ANC loses Nkandla by-election
The IFP has snatched a ward from the ANC in a by-election in Nkandla in KwaZulu-Natal, where President Jacob Zuma's private home is based.
The Inkatha Freedom Party's Thembinkosi Francis Nxumalo won 54.99% support.
The ward was previously held by the ANC, whose candidate, Bongumenzi Mninimuzi Ngcobo, won just under 50% of the vote in the last municipal by-elections.
Nkandla has been in the news recently because this is where Zuma's private residence has recently been upgraded, at a reported cost of over R200-million.
Zuma, in Parliament recently, defended the costs associated with his Nkandla home. He said he was still paying a bank bond for the five family buildings that form part of the compound.
"My residence ... has been paid for by the Zuma family. All the buildings and every room we use ... was built by ourselves as family and not by government. I have never asked government to build a home for me, and it has not done so."
Zuma said violence in KwaZulu-Natal had led to his home being burnt down twice, and that he decided to extend the last rebuilt version while he was still deputy president.
"Then government came to say they now have to include the security features to my residence. By the time the government came the constructors were on site that had been enlisted by the family."
Zuma suggested investigators from the likes of the public protector's office should be "screened" before they are allowed to delve into his Nkandla residence because of its status as a national key point.
Zuma said he takes exception to accusations that government money was spent for his benefit.
"It is unfair, and I don't want to use harsher words because you believe that people like me can't build a home," he said, apparently referring to Democratic Alliance (DA) parliamentary leader Lindiwe Mazibuko, who had asked whether construction at the compound will be halted while the public protector investigates the spending.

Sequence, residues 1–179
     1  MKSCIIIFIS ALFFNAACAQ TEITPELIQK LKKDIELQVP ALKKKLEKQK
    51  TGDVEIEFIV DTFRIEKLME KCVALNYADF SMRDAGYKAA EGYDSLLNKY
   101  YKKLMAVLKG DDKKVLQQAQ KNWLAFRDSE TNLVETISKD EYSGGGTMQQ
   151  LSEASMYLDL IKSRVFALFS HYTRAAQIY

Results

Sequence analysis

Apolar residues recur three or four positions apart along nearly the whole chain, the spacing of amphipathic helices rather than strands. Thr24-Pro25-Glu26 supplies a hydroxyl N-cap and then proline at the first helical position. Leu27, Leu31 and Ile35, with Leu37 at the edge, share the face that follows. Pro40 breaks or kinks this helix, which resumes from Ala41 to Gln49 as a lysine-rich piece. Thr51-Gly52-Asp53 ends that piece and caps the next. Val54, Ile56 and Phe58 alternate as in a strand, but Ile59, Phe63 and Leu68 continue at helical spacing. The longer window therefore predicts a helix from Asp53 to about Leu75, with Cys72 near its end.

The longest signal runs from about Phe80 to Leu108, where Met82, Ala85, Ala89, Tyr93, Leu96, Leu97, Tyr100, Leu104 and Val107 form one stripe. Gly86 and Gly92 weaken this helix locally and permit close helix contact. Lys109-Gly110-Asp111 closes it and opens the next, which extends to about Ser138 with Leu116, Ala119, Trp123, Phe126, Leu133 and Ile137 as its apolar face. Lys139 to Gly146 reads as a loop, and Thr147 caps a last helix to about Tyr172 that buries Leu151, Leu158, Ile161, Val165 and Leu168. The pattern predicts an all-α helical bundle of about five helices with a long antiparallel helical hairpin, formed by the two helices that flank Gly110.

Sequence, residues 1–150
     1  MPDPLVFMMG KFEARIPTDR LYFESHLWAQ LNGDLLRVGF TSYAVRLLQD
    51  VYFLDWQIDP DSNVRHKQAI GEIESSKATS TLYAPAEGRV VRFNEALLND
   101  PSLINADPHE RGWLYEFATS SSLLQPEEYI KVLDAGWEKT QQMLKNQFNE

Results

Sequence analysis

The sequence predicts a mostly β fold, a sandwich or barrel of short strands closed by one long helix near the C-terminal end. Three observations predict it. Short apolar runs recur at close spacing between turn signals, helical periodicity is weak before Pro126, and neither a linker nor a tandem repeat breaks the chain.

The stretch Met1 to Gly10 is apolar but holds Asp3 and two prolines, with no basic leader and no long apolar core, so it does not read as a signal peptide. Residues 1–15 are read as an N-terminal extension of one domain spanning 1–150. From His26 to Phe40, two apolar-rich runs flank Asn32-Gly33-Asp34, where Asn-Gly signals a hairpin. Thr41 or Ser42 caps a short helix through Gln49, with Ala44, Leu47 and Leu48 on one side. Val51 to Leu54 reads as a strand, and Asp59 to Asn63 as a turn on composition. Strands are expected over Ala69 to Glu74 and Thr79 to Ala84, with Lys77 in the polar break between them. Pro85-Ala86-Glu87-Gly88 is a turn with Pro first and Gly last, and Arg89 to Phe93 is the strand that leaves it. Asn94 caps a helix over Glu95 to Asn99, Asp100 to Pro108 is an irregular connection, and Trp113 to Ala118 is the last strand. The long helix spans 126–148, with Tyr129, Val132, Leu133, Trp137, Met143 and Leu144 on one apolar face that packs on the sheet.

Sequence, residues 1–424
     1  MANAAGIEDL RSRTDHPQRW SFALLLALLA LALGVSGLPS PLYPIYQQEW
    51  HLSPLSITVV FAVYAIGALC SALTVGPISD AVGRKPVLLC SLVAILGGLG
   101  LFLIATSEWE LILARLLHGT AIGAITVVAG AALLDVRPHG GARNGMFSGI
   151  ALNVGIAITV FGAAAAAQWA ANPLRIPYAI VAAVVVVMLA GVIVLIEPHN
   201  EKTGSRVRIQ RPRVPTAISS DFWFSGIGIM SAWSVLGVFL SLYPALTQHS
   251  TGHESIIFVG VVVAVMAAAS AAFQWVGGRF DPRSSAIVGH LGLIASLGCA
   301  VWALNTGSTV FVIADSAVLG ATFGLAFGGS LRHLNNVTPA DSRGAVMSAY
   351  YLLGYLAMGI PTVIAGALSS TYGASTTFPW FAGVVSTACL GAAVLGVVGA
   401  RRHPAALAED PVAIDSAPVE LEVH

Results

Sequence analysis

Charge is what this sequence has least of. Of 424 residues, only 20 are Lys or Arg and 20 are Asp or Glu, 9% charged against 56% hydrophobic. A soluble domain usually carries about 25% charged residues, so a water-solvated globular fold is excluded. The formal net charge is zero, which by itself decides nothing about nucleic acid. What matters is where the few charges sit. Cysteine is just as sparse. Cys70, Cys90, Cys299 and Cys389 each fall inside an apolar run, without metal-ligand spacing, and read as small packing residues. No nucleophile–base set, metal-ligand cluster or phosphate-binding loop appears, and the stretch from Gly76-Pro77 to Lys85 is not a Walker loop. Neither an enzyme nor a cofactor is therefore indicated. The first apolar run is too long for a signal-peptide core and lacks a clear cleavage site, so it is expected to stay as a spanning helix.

The matter is currently being investigated by a public works task team.
The IFP also won Ward two, in Hlabisa, which was previously held by the National Freedom Party.
The councillor's post in the ward became vacant when the NFP's Mondli Jele resigned. Since last year's local government elections Hlabisa had been run by an ANC and NFP coalition.
The IFP retained ward 39 in KwaMashu, Durban, which was also contested by the NFP and the ANC.
The IFP and NFP have been at loggerheads in the ward since early August.
At least five IFP supporters or members and the son of an NFP leader have been killed in the area since then.
The ward was previously held by the IFP's Themba Xulu. He was found shot dead in Inanda on October 7 after being abducted from his home two days earlier.
The ANC managed to retain ward 72 of the eThekwini municipality.
The previous councillor Mthembeni Shezi, also known as Msizeni Ximba, was shot at while at a meeting at the Imbaliyethi High School on September 26.
Shezi, branch deputy chairperson Sbu Mpanza, and ward committee member Bulelani Mjoli were wounded in the incident. Shezi died in hospital the next day.
Ward three of the Msukaligwa (Ermelo) municipality in Mpumalanga, which was held by the ANC, was uncontested.
The ANC also retained ward 22 of the Lukhanji (Queenstown) municipality in the Eastern Cape and ward 12 of the Setsoto (Senekal) municipality in the Free State.
The Democratic Alliance retained ward two of the Bitou (Greater Plettenberg Bay) municipality in the Western Cape. – Sapa